vb.net barcode reader from image Attaching Mechanical Linkages to Servos in Software

Creation Quick Response Code in Software Attaching Mechanical Linkages to Servos

22.11 Attaching Mechanical Linkages to Servos
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One of the benefits of using R/C servos with robots is the variety of ways it offers you to connect stuff to the servos. In model airplane and car applications, servos are typically connected to a push/pull linkage of some type. For example, in a plane, a servo for controlling the rudder would connect to a push/pull linkage directly attached to the rudder. As the servo rotates, the linkage draws back and forth, as shown in Fig. 22-9. The rudder is attached to the body of the plane using a hinge, so when the linkage moves, the rudder flaps back and forth. You can use the exact same hardware designed for model cars and airplanes with your servo-equipped robots. Visit the neighborhood hobby store and scout for possible parts you can use. Collect and read through web sites and catalogs of companies that manufacture and sell servo linkages and other mechanics. Appendix B, Sources, lists several such companies.
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Shaft Attached to Servo Disc
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Servo Disc
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FIGURE 22-9 Servos can be used to transform rotational motion to linear motion.
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WORKING WITH SERVO MOTORS
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22.12 Attaching Wheels to Servos
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Servos reengineered for full rotation are most often used for robot locomotion and are outfitted with wheels. Since servos are best suited for small- to medium-sized robots (under about 3 lb), the wheels for the robot should ideally be between 2 and 5 in diameter. Largerdiameter wheels make the robot travel faster, but they can weigh more. You won t want to put extra large 7- or 10-in wheels on your robot if each wheel weighs 1.5 lb. There s your 3-lb practical limit right there. The general approach for attaching wheels to servos is to use the round control disc that comes with the servo (see Fig. 22-10). The underside of the disc fits snugly over the output shaft of the servo. You can glue or screw the wheel to the front of the disc. Here are some ideas:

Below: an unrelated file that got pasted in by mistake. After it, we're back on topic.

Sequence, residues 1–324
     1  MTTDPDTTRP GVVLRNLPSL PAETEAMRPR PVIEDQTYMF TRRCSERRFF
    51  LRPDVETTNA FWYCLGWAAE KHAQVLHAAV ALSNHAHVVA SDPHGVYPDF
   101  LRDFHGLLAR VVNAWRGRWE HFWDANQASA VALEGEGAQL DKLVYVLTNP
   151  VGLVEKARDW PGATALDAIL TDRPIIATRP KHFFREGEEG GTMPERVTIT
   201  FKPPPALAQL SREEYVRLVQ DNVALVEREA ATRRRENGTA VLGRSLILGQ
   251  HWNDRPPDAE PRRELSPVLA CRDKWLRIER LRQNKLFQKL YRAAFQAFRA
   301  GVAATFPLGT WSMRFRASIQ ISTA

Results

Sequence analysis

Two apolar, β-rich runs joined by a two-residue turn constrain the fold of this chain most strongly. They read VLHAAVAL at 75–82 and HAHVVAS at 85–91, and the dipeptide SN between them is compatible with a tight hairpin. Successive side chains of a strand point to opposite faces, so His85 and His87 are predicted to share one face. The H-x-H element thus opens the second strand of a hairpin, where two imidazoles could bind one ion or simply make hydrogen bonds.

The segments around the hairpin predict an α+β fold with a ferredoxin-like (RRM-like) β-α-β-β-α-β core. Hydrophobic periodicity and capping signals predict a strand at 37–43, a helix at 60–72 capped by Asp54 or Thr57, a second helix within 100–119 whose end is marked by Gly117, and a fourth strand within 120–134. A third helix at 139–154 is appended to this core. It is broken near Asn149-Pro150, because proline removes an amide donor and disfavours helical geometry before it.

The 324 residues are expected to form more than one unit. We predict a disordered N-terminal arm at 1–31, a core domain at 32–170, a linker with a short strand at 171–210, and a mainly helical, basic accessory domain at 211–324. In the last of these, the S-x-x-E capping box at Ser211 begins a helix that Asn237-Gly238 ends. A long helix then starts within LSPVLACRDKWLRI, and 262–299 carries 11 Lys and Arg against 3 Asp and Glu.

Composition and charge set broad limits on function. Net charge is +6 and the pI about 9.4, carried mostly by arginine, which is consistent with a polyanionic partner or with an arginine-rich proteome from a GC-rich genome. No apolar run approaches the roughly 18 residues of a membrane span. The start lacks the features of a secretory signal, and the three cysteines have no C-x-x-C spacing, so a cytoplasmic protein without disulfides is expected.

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Large LEGO balloon tires have a recessed hub that exactly fits the control disc included with Hitec and many other servos. You can simply glue the disc into the rim of the tire. Lightweight foam tires, popular with model airplanes, can be glued or screwed to the control disc. The tires are available in a variety of diameters. If you wish, you can grind down the hub of the tire so it fits smoothly against the control disc.
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FIGURE 22-10 Attaching a round control disc to the hub of a wheel.
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22.13 MOUNTING SERVOS ON THE BODY OF THE ROBOT
A gear glued or screwed into the control disc can be used as an ersatz wheel or as a gear that drives a wheel mounted on another shaft.
In all these cases, it s important to maintain access to the screw used to secure the control disc to the servo. When you are attaching a wheel or tire be sure not to block the screw hole. If necessary, insert the screw into the control disc first, then glue or otherwise attach the tire. Make sure the hub of the wheel is large enough to accept the diameter of your screwdriver, so you can tighten the screw over the output shaft of the servo.
22.13 Mounting Servos on the Body of the Robot
Servos should be securely mounted to the robot so the motors don t fall off while the robot is in motion. The following methods do not work well, though they are commonly used:
Duct tape or electrical tape. The goo on the tape is elastic, and eventually the servo works itself loose. The tape can also leave a sticky residue. Hook-and-loop, otherwise known as Velcro. Accurate alignment of the hook-and-loop halves can be tricky, meaning that every time you remove and replace the servos the wheels are at a slightly different angle with respect to the body of the robot. This makes it harder to program repeatable actions. Tie-wraps. You must cinch the tie-wrap tightly in order to adequately hold the servo in place. Unless your robot is made of metal or strong plastic, you re bound to distort whatever part of the robot you ve cinched the wrap against.
Experience shows that hard mounting gluing, screwing, or bolting the servos onto the robot body is the best overall solution, and it greatly reduces the frustration level of hobby robotics.
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